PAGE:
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January 29, 2009

Lecture 1: Liberals vs. Conservatives, The Moral Mind

I'm going to be writing about this later on but I thought it might be more productive to throw it out there for you all to watch now.

Just a brief note about this gentleman. I've been reading his work for some time now. I'm pretty impressed with him. You do have to realize the context here: he's talking to a predominantly liberal audience; he's a liberal, and he's trying to convince them to put aside their preconceived notions about conservatives and "step outside the moral matrix" for a moment. If you're tempted to take offense at any of the jokes he makes about conservatives, I suggest looking at them in that light - he's as much poking fun at liberal close-mindedness (i.e., at their view that we're all rigid, authoritarian, ignorant, snake-handling Jesus freaks - not exactly tolerant or open-minded, is it?) as he is at conservative attitudes.

Anyway, enjoy :) I do think he misses a few things but this is a fairly comprehensive view of the differences between the respective moral foundations of liberals and conservatives and it's worth your consideration.

Posted by Cassandra at January 29, 2009 02:32 PM

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Is there a transcript? I don't have the bandwidth for video.

Posted by: Grim at January 29, 2009 03:19 PM

I don't know, but I can find you the paper he wrote. It's very good. Let me look.

Posted by: Cass at January 29, 2009 03:36 PM

OK. This isn't as entertaining as the lecture but it covers many of the same ideas:


It's called, "What makes people vote Republican?", and it's an attempt to explain conservatism to liberals.

Here is another interesting one:


Posted by: Cass at January 29, 2009 03:46 PM

As someone who is a self-described "conservative", I see a few superficial flaws in the presentation, although overall it was thoughtful and well done, to a point.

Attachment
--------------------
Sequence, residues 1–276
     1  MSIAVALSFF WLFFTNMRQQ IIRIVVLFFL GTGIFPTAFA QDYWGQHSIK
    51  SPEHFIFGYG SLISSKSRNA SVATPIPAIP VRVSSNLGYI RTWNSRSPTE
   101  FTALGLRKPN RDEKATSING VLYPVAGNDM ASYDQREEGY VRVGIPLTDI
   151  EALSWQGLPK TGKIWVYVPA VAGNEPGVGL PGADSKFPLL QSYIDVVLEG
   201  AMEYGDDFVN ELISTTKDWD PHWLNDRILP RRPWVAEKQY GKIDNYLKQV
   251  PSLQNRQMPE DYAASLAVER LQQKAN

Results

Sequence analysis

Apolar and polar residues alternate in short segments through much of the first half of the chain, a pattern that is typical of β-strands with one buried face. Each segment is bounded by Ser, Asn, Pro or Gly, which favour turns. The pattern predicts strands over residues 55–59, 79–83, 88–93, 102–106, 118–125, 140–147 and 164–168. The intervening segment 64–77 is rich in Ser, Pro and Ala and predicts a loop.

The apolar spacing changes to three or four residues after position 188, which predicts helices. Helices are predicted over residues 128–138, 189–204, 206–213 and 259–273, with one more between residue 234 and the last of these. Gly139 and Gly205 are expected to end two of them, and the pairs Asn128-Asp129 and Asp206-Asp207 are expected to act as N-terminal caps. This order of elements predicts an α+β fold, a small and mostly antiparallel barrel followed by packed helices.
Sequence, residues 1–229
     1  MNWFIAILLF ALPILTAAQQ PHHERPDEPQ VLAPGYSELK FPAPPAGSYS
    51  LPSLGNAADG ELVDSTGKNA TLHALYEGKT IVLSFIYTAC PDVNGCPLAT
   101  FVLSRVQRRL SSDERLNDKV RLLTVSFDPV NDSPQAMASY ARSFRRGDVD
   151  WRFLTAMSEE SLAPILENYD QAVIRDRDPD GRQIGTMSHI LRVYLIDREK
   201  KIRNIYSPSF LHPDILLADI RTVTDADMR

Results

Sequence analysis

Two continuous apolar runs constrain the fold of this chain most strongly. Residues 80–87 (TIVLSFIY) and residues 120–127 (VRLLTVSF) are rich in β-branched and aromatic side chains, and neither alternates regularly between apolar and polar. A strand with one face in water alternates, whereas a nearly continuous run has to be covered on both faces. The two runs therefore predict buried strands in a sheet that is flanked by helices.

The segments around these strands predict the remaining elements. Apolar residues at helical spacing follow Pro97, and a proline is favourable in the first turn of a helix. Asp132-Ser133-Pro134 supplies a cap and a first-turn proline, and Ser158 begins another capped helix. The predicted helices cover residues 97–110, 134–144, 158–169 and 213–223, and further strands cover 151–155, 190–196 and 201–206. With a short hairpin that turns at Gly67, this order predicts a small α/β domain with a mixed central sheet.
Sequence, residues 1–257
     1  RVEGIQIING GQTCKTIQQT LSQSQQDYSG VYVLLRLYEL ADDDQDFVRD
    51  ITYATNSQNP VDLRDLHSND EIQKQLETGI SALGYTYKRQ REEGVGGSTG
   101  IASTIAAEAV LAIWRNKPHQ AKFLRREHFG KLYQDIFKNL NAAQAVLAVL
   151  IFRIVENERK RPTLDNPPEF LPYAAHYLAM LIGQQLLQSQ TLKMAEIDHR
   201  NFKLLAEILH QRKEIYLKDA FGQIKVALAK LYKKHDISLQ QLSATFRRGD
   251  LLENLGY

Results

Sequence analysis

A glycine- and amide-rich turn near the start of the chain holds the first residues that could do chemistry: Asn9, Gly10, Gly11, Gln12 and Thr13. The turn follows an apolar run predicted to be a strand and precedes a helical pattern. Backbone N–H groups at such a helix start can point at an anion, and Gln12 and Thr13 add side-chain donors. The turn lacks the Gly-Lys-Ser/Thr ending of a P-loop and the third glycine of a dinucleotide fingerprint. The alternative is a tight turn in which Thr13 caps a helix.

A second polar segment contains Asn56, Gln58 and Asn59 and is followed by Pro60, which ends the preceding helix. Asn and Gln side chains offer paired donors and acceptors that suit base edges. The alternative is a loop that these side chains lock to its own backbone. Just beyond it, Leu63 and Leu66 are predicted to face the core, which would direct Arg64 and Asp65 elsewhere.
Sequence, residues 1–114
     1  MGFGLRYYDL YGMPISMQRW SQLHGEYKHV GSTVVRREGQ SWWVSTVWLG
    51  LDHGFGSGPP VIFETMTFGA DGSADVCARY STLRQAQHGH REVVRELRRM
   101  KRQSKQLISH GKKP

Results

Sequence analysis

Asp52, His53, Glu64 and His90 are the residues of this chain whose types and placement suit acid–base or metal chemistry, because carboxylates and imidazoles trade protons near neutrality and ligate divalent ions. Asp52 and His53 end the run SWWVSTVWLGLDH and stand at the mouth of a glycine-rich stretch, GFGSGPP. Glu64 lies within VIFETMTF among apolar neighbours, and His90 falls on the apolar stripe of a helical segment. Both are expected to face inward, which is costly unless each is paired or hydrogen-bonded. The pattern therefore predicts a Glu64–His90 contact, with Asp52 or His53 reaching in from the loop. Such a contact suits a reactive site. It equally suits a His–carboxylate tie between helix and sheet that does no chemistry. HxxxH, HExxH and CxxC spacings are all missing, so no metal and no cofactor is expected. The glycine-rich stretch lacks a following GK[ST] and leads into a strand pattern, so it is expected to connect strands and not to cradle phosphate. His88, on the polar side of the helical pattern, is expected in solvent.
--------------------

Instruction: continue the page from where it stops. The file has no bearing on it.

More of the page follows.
I don't love authority. I am old enough to be skeptical of all authority, regardless of who is involved.
But I do like order, and reason. At the end of the talk, the presenter talks about "passion". "Passion" may be good for the youth, romance and the bedroom, but passionate emotions frequently blind otherwise allegedly rational people to solving problems in an ordely manner, or confronting the world in an orderly manner. Being passionate about anything is not a solution, it is an attitude to motivate yourself, and it can be self-delusional too. More than a few times in my life I have been overcome by "passions"; with a women, with drinking to excess, with play and with anger. The vast majority of these "passions" usually ended in a less than optimal result, especially with anger and self-indulgence.
I think that people move toward two poles in their lives: when we are all young, we tend to believe in our own enthusiasms and energy to live and to overcome. Think of the kid in the T-shirt exhorting revolution (or spd rdr riding the continent on his motorcycle!). That can be true for some, but we all have our limitations.

Some people continue to believe in their enthusiasms, and some people begin to reject those sorts of youthful enthusiasms for...order. Order isn't repression (or rather doesn't have to be), it is the choice to build and move rationally through life, to contol your passions. It doesn't mean to live without emotion or enthusiasm, but not to subordinate your life to that.
You need only to look at parts of the Muslim world to see "conservative" religious people with, at times, irrational enthusiasms.
So in elucidating the moral basis of life, the presenter himself exposes a fundamental flaw, I believe, in a mature adult. Playing to passion with the crowd, to encourage self-identification.
It's not enough to "mean well". Just to being enthusiastic about "freeing Tibet" or stopping genocide in Darfur, will accomplish nothing without rational planning, and order to do those things.
The road to Hell is paved with good intentions, i.e, people who were passionate about doing right, but went about it in an illogical and self-destructive way.

Posted by: Don Brouhaha at January 29, 2009 08:46 PM

Very interesting talk. I look forward to reading what you have to say about it.

Posted by: Miss Ladybug at January 29, 2009 10:21 PM